How to Properly Open a Bottle of Champagne
By Marie Gorbenko Published December 2021
Champagne, like any other kind of sparkling wine, can be a bit tricky or intimidating to open for anyone not well practiced in popping bottles. Occasionally, it can be a celebratory gesture where you shoot the cork out to the sound of cheers and fanfare. When you’re opening an elegant bottle of Champagne at a sophisticated gathering, you may want to be a little more reserved and refined with your cork popping technique. Not to fret! With a few tips from our wine experts, you’ll be popping and pouring a festive bottle of bubbles like a pro in no time.
Chill Your Bubbles
Our expert’s #1 tip: Always make sure the wine is very chilled – ideally between 40- and 45-degrees Fahrenheit. Otherwise, you run the risk of having all the delicious juice erupting forth and ending up on the floor—and not in your guests’ glasses, deflating both your ego and your fun.
Let’s Get to Opening
Now that you have your Champagne chilled and you’re ready to open it, you’ll want to inspect the capsule. All capsules have a small tab and a perforation just underneath. Locate that tab (some are labeled, while some are not - so it can be a little bit difficult to find) and peel the capsule to expose the cork and cage underneath.
Once you have the capsule removed, exposing the cork in the cage, find the metal tab on the cage and put some pressure on the top of it with your thumb (please note, most are sitting at 90 pounds of pressure, or about six atmospheres; and it’s carbonated). You’ll want to keep your thumb firmly on top of the bottle because, as you unscrew the cage, the cork is going to want to come out.
When you’re ready and the bottle is primed, grab it firmly from the base, holding the entire cage and cork in your hand. Begin turning the bottle from the base. If you're not comfortable holding the bottle from the base and you want to make sure you’re doing this correctly - you can simply put the bottle firmly on the counter, grab the top and open it. Just make sure that your thumb is still on top (because again—pressure and pop).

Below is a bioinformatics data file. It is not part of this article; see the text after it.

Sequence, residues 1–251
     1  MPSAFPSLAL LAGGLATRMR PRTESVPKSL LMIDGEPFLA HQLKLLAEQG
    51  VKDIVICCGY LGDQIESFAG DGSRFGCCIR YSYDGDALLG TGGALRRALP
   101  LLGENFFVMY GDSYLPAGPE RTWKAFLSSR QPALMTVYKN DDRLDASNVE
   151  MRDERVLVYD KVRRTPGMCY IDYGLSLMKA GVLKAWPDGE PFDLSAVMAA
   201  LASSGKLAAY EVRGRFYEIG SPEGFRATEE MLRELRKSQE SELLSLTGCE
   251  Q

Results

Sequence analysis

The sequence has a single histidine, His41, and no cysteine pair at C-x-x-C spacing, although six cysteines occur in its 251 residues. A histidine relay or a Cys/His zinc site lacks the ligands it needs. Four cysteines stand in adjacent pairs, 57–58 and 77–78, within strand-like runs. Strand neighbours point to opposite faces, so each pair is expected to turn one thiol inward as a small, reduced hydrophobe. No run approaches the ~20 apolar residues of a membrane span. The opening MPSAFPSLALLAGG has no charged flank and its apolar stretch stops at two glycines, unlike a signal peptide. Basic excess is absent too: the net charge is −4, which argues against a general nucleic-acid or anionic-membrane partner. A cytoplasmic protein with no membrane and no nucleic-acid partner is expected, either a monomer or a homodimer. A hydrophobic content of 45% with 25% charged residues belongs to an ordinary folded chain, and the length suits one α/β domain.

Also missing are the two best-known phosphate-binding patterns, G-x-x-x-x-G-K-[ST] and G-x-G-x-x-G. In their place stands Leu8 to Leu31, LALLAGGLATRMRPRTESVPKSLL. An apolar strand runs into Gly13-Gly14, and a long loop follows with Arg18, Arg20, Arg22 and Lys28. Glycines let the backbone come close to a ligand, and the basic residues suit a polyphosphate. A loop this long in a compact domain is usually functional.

Now that you know how to open a bottle of Champagne, it’s time to celebrate your new-found skill by doing just that!
Ever wondered why Champagne and sparkling wine have much larger foil capsules around the neck compared to other wine? Here’s a fun fact:
You’ll notice that the Champagne bottle has a very large foil capsule—larger than most wine bottles. This is because, historically, the fill levels were never even, and the large capsule was a clever way to disguise the inconsistency with alluring aesthetics. This happened so often that the large capsule has now become an age-old tradition and a characteristic of Champagne. When serving, you don’t have to remove the entire capsule when you open a bottle of Champagne, but now you know why the bottles always look so big and fun!